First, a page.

Tag Archives: organic food

Not All Eggs Are Created Equal

14 Jun

Like most people you may buy your eggs at the grocery store. Not all eggs are created equal and you do not always get what you

eggs think you are paying for.

Years ago we were like most consumers purchasing our eggs at the grocery store. We would just grab a dozen and place them in the grocery cart without giving any thought where they came from.

Then grocers started offering standard eggs, premium eggs, organic eggs, cage-free eggs, free range eggs and, occasionally, pasture raised eggs. Prices varied greatly between the various choices but did we really know the differences and were the prices justifiable?

For years we purchased cage-free eggs when we learned that regular eggs were being produced by hens in very small cages called battery cages. We weren’t necessarily looking at healthier eggs for us to consume but more concerned about the welfare of the hens that were laying the eggs. We also purchased organic cage-free eggs that we thought would be healthier for us.

Then we found out that the term cage-free was basically a good marketing ploy for people like us who were concerned about animal welfare. We were shocked when we learned that those cage-free hens never see the light of day and never go outside for sunshine or to scratch in the dirt, eat insects and other things happy chickens do. Yes, they are not confined to tiny cages but commercial egg production centers (aka hen houses) hold thousands of chickens at a time so the chickens have very little room to run around. This certainly is not ideal.

So we started buying free range eggs and felt better because we thought the hens got to range freely about the farm. We later learned that in large commercial egg farms they are still in the henhouse with thousands of other hens (like cage-free) but they are provided a small door to go outside to see the sunshine. This outside area in many cases is a small fenced patio and most chickens do not know that they can outside. Since there are so many free range chickens in the henhouse there is not enough room for many of them to go outside even if they wanted to. These outdoor areas are small fenced concrete patios in some cases so the chickens cannot naturally scratch in the dirt or eat insects which they love to do. We wrote an earlier blog post in June 2010 about the difference between free range and pasture raised eggs.

Since running the inn we have learned about pasture raised eggs and that is all we now purchase. Our eggs come for a farm up the road and the chickens have a house to go into at night or during bad weather for protection. During the day the are roaming outside around the farm scratching in the dirt and small gravel and enjoying the bugs and grasshoppers they like to eat adding to their healthy diet. These chickens are not confined in a henhouse with thousands of other chickens (like factory farms) so they tend to be healthier and do not require all the antibiotics of factory farmed hens. We visit the farm and can attest that our eggs come from happy chickens.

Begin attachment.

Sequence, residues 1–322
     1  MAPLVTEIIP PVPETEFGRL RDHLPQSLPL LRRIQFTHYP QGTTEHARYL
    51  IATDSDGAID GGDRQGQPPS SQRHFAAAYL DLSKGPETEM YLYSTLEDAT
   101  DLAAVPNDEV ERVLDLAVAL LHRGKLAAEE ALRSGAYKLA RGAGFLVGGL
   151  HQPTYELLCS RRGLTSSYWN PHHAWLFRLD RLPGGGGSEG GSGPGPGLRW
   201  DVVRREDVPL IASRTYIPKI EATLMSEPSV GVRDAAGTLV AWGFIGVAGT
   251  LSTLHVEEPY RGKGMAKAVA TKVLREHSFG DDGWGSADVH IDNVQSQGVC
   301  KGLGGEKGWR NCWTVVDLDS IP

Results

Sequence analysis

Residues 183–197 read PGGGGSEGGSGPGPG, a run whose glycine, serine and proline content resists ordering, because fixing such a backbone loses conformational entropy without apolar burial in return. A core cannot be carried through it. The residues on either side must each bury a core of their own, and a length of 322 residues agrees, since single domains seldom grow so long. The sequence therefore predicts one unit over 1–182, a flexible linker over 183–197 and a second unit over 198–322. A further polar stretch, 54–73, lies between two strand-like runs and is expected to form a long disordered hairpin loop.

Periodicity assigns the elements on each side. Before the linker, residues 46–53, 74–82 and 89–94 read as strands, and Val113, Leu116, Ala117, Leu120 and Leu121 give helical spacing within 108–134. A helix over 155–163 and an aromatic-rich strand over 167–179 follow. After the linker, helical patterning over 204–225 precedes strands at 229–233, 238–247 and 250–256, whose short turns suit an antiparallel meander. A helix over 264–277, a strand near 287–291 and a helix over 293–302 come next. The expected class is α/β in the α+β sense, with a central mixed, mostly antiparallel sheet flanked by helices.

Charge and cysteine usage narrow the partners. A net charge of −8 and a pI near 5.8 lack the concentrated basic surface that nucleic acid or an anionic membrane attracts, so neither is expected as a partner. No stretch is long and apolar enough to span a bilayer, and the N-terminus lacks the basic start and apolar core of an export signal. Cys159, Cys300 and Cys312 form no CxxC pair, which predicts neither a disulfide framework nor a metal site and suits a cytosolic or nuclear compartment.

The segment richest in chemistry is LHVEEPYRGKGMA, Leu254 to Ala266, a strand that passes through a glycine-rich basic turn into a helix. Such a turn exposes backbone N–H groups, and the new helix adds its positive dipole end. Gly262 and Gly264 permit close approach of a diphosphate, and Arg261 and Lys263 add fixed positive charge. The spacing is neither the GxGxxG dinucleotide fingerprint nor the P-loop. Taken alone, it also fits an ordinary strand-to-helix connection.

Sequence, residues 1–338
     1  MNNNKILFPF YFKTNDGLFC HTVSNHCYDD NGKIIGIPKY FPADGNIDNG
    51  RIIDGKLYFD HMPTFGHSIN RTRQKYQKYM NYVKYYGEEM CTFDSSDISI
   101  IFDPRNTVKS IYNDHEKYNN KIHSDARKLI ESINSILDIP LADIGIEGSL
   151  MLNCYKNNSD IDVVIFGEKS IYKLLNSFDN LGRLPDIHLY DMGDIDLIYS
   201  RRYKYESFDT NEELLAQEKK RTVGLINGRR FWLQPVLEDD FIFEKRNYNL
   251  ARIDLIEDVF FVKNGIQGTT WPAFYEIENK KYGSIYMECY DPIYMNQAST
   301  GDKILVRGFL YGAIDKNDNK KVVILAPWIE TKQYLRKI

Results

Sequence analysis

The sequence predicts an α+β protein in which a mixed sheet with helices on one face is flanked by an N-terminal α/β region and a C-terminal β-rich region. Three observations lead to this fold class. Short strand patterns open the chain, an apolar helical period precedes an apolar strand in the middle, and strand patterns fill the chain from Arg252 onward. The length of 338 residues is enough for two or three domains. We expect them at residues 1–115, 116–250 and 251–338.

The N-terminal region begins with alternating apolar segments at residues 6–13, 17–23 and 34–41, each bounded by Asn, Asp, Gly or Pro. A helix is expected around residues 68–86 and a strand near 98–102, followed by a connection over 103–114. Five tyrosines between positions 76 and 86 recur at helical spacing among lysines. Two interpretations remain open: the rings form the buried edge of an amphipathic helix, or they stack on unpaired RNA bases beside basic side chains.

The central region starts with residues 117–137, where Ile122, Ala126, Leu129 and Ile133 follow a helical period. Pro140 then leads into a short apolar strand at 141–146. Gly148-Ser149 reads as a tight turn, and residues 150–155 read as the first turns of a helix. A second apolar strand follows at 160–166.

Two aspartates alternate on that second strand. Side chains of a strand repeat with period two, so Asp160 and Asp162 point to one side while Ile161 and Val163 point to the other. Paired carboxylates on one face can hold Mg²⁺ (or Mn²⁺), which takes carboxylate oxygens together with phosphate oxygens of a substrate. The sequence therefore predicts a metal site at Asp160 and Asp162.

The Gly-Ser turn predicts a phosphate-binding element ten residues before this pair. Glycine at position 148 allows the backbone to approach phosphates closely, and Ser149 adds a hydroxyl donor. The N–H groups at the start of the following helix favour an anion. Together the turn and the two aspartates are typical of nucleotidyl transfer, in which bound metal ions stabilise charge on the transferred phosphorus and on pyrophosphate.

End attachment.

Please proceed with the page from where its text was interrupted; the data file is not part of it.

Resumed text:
If you can purchase eggs from a pasture raised source, go for it!  You will get fresher eggs (ours are usually gathered the day we buy them), healthier for you eggs (check out those bright orange nutrient filled yolks) and know that you are getting them from happy hens.

Tomatoes: July to January

4 Jan

With smiles on our faces and tears in our eyes, we said good-bye to the last of our raw 2010 home-grown organic  tomatoes tonight. It adorned our salad adding a pop of red to our plates and a burst of flavor to our tongues.  How exciting to think that it grew from a plant we put in the ground in April and that it’s sisters and brothers were picked as early as July. We ate them green – both fried and in chocolate cake, red and raw in gaspacho, salsa, and salads, and cooked in pasta sauce, stewed tomatoes, chili, and more. They were gifted to friends and guests, and even traded for pasture raised eggs. Good-bye summer tomatoes!

Guests Discovering Loganberry Farm

4 Aug

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Many of our guests are visiting LoganBerry Heritage Farm for its farmer’s market from 10:00 – 2:00 on Saturdays and 4:00 – 7:00 on Tuesdays.  As you enter the Farm’s gravel drive surrounded by flowers and vegetable plants and drive past the rustic farm-house to the barn, you catch the sense that something special is happening in this slice of country heaven. Sharon the owner will greet you with her bright smile and floppy hat. She or Nadine will tempt you with delicious samples of yummy treats usually made with the farm’s bountiful harvest.  Nadine’s peach pie is to die for. You won’t leave empty-handed when you can buy sustainably raised fruits and vegetables right from the farm. Garlic, tomatoes, cucumbers, sunflowers, figs and more are in season now. Why not stop by?  Afraid you can’t do a winery and the farmer’s market too? LoganBerry Heritage Farm is right around the corner from Blackstock Winery on Adair Mill Road.